Adam Swaab Art Focuses On The Relationships Between Forms In Motion


PLEASE INTRODUCE YOURSELF

I’m Adam Swaab, a CG artist primarily working in motion design. I’ve been in the motion design field since the early 2000s, working on films, commercials, web experiences, and concert visuals – basically across the entire spectrum of motion graphics.

HOW WOULD YOU BEST DESCRIBE YOUR STYLE?

For the most part, my art focuses on the relationships between forms in motion. The style is realistic, but focuses on abstract elements and basic primitive shapes as a stand-in for larger ideas. I use a lot of computer simulations in my work – I like to experiment with algorithms, generative techniques, and mathematical equations. My style is usually visually complex, and I take great pride in crafting unique and enigmatic video loops.

HOW DID YOU GET INTO ART?

Art was something I was always interested in, for as long as I can remember. During my younger years, I envisioned a future as a comic book illustrator – and I spent every hour I could practicing to get there. Eventually, that led me to art school, at Rhode Island School of Design, where my understanding of art – and what I wanted to do with it – opened up substantially.

WHO OR WHAT ARE SOME OF YOUR MAJOR INFLUENCES?

There are really too many to name – and so many people have influenced me tremendously at different times of my life. When it came to early motion graphics, I was heavily influenced by Gmunk. His work opened up my thinking to what was possible in the motion design field. And, I was fortunate enough to work with him many years later on a couple projects. Currently, even though my work is digital, I am most influenced by physical sculptures and conceptual works. I’m interested in how artists use form, space, materials, and texture. There are some very good motion design studios out there, such as Man Vs. Machine, Tendril, and FutureDeluxe, that produce incredible work that always seems to cut through the noise.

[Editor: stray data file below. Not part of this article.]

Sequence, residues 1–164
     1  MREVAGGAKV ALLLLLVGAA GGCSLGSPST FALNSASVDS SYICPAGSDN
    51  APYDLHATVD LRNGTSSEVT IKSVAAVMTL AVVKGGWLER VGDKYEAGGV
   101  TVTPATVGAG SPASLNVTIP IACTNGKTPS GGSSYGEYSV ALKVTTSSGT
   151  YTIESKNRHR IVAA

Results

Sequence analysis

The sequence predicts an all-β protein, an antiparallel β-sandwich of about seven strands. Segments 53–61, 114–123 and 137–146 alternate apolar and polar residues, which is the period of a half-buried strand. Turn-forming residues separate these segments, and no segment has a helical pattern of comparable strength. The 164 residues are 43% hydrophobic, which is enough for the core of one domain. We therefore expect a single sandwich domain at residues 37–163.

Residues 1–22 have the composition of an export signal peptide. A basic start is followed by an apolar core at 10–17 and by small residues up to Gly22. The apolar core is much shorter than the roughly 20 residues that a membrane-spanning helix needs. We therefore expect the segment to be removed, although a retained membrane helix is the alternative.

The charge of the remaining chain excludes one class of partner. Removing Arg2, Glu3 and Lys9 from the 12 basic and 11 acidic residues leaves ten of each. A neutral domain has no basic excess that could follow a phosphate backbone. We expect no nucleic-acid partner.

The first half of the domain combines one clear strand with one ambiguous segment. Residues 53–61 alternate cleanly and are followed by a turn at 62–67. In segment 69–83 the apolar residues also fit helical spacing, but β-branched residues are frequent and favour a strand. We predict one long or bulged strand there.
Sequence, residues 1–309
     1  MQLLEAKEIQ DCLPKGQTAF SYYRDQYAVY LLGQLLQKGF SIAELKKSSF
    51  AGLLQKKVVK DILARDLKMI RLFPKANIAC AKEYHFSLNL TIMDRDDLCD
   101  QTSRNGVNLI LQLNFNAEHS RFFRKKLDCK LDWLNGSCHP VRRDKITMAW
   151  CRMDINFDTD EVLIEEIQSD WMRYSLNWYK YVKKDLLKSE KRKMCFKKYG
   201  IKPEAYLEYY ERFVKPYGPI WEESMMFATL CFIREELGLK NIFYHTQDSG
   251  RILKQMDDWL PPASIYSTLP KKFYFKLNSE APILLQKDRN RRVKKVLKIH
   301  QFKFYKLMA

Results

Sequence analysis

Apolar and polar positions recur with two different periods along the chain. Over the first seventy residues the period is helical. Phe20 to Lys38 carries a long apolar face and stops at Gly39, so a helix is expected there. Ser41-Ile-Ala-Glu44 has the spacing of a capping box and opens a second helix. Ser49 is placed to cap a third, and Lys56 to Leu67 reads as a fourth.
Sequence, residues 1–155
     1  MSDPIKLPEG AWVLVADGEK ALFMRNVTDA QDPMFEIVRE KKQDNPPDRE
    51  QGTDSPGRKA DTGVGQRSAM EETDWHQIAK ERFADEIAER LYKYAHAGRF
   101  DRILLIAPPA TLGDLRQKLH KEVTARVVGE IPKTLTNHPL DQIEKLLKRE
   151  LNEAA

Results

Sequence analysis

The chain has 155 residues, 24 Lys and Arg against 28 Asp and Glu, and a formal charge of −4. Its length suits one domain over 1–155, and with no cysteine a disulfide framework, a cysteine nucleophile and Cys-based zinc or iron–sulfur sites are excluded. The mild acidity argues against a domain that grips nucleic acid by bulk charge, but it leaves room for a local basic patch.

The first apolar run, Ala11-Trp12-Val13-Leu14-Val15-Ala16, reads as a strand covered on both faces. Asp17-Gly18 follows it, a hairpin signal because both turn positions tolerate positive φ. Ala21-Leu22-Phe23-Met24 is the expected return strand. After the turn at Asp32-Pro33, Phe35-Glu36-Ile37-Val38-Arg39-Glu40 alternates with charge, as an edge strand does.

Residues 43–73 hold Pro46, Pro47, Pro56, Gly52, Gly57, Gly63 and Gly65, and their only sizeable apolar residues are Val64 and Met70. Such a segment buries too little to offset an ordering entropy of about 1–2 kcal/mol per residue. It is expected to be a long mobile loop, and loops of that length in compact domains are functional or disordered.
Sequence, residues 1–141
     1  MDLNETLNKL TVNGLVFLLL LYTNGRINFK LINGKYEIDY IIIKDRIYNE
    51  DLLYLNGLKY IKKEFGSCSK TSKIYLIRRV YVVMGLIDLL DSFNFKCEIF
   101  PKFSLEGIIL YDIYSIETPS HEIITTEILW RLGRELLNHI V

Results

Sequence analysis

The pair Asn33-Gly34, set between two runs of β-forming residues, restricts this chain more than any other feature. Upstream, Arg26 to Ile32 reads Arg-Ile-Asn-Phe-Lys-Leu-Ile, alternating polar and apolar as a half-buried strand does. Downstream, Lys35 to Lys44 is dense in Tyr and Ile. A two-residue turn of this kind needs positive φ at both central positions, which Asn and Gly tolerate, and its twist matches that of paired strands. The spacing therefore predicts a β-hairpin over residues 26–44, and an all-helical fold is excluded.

CAN YOU TELL US ABOUT YOUR WORKING PROCESS?

My pieces always start with some thought or exploration of motion. I work without color, texture, or lights, and I explore how motion will work before I ever really think about those other things. The pieces are usually planned out completely in my head. I rarely design or storyboard my work. I prefer to use the computer as my sketchpad – iterating as necessary until the piece takes shape. For me, there’s a thing with my best pieces, where I feel like a simple idea has been elevated by unlocking something special in it. I’ll meditate a lot about an idea, until I feel it can be unlocked – and that’s when I know it is right. Other pieces – some of the more algorithmic ones – are about designing a system and seeing how it works, and how it can be steered to create a beautiful output. These usually begin as a question – what will happen if..? And then I try to answer that. Sometimes the results work and meet (or exceed) my expectations, and sometimes they don’t. But, I do enjoy the journey, either way.

WHAT MOTIVATES YOU TO CREATE?

That’s an interesting question. For the majority of my career, creating was simply a means to generate an income. My free time was devoted to learning the technical parts of my craft, and I produced very little personal work. It’s only over the last few years that I felt in a place – both technically and creatively – where I could make work that was meaningful to me. For me, my place of creation – it’s the one thing I can do (I am talking about personal work here, not client work) where my voice is the only voice that matters. It’s both fun and cathartic to put my own marks on a screen, without any expectations from a client or audience.

WHAT IS YOUR STUDIO LIKE?

A desk, a monitor, my Wacom, and a beastly computer next to me – all somewhat contained in a cluttered bedroom office.

WHAT ARE YOU CURRENTLY WORKING ON?

I am currently finishing up an 88 piece generative motion series called Unfoldrian. It’s an examination of the hierarchical structure of Kd-trees, processed through high-end 3d software. After that, I have a small series of animated GLB sculptures, which I am slowly working my way through.

INFORMATION

With courtesy of Adam Swaab

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